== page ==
As a kid, I loved baseball. Not just watching and playing, but everything about it. I loved the numbers, the teams, the players, collecting cards—my passion for the game was endless.

Sadly, we all grow up and have less time for that first love. We have careers, responsibilities, families, and Netflix-addictions. Our adult lives are quite simply, busy.

However, a few years ago, something re-ignited that old flame…

While this all started as a hobby, it ended up pushing my own personal boundaries and creative limits in ways I didn’t expect. So whether you knit, paint, or have a secret desire to learn fencing—as someone who just went for it, I can say that following and feeding that passion will inspire all areas of your life.

In 2009, I was in Chicago for work and decided to catch a game at the historic Wrigley Field. For me, it was a perfect experience. All of a sudden, I started to plan to see every ball game I could, in as many cities as I could. I documented everything about each game, from photos and comments to scores and outs. I spent weekends reorganizing my old baseball card collection and hours online ordering new ones. Was this my midlife crisis? Most definitely. But instead of buying a corvette, I was having fun like I was a 12-year-old boy.

I don’t even know what it was that made me start devoting time to baseball again. I enjoyed my life, my city, the people I got to work with everyday, so who knows why I started to open this door, but I have a theory.

In a world full of responsibilities—to family, to clients, to a mortgage—I was actually craving something that was just my own. It was fun. No expectations. No limits. No you-can’t-do-this-or-that. It was purely for my own enjoyment and nothing else.

How often can we break out of our day-to-day life to just “turn off” and really explore a hobby or passion? It’s not easy, but let me tell you, it was worth it.

Not only was I having fun, but other things happened too.

I began to connect with others who shared my love of baseball. I crossed paths with people I would never have thought possible. In 2014, a childhood hero, Montreal baseball legend Warren Cromartie, walked into my office for a meeting after I reached out to him. My 7-year-old self couldn’t believe his eyes.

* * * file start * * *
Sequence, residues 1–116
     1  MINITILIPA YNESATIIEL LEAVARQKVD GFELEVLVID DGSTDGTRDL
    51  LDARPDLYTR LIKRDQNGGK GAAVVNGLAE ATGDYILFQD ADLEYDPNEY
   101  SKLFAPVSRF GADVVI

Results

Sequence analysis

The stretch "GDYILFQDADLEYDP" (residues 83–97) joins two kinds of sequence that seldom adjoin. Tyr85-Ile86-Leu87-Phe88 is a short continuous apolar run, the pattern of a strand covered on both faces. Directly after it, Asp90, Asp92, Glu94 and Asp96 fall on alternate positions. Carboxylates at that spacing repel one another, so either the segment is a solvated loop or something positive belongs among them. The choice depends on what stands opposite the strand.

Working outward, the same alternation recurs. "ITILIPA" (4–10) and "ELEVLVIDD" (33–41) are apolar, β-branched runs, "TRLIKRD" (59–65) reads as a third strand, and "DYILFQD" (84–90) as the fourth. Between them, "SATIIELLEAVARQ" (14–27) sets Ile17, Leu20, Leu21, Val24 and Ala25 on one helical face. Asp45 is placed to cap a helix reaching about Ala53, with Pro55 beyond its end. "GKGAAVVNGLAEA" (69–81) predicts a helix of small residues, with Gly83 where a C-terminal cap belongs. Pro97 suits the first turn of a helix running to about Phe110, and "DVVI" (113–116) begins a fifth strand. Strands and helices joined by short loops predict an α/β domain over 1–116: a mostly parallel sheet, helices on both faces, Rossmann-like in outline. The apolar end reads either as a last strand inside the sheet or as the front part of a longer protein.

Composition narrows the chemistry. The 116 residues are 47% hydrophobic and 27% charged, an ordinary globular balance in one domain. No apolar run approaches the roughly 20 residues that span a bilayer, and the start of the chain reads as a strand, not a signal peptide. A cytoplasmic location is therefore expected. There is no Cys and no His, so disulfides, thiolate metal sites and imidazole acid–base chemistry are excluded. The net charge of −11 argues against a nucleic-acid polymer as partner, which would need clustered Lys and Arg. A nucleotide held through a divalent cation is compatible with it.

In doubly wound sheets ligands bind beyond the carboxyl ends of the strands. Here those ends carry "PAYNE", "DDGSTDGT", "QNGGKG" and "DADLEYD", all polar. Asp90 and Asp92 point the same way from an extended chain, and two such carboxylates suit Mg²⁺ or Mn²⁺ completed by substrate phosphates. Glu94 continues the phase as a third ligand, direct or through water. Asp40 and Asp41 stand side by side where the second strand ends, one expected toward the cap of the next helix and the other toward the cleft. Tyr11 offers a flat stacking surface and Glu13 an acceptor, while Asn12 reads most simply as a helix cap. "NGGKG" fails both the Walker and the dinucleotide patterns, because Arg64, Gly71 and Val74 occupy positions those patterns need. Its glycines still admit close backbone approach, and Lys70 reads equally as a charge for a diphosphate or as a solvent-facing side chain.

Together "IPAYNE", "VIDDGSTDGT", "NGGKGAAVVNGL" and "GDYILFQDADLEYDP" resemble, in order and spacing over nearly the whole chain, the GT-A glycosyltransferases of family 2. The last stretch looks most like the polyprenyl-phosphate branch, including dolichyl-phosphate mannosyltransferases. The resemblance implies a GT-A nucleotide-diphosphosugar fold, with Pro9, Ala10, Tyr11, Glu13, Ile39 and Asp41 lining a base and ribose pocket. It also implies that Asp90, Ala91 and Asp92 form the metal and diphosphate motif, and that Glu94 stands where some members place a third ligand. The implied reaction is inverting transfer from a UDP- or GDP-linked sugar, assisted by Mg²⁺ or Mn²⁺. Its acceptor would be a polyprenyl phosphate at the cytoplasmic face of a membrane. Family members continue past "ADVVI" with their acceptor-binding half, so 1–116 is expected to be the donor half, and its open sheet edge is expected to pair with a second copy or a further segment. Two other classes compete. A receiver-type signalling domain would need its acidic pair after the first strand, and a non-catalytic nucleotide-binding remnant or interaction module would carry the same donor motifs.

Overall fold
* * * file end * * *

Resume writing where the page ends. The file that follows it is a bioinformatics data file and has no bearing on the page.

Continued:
Warren Wilansky with Andre Dawson
Warren Wilansky with Andre Dawson, 1980

Plank is now the official digital partner of the Montreal Baseball Project, a campaign devoted to bringing Major League baseball back to Montreal. Plank is also the organizer of Montreal’s Baseball Hack Day—a free, anything-goes day event to create a brilliant tool, app or site for the love of the game. (The 2nd annual event took place this past Saturday, March 19 at the Belgo Building).

I even recently launched my own blog, Runners at the Corners, as a way to grow this baseball community even bigger. My new goal is to encourage others to share their baseball experiences, so anyone can submit their memories, photos or highlights. This blog is my true my passion project, where I can keep connecting with others who share my love (and also brush up on my rusty design and CSS skills much to the dismay of my team).

Runners at the Corners Website

While this all started as a hobby, it ended up pushing my own personal boundaries and creative limits in ways I didn’t expect. So whether you knit, paint, or have a secret desire to learn fencing—as someone who just went for it, I can say that following and feeding that passion will inspire all areas of your life.

Explore what you love and don’t look back. Have fun and great things will happen.

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